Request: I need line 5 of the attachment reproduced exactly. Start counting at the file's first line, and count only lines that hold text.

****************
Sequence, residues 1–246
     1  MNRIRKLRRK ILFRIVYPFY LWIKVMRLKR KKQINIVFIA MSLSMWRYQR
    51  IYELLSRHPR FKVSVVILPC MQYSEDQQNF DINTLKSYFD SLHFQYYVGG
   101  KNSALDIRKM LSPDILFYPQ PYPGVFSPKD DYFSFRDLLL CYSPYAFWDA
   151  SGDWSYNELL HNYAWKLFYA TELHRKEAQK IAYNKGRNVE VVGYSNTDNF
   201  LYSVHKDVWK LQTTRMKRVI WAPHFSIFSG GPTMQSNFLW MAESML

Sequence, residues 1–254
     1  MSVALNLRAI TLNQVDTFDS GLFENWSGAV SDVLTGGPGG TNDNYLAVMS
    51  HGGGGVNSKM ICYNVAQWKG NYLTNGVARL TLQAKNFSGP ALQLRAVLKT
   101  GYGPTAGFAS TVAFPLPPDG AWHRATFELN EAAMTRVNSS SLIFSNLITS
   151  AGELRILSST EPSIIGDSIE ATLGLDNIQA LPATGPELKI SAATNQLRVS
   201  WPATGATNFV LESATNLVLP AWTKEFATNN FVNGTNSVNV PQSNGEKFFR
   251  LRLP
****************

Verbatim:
   151  SGDWSYNELL HNYAWKLFYA TELHRKEAQK IAYNKGRNVE VVGYSNTDNF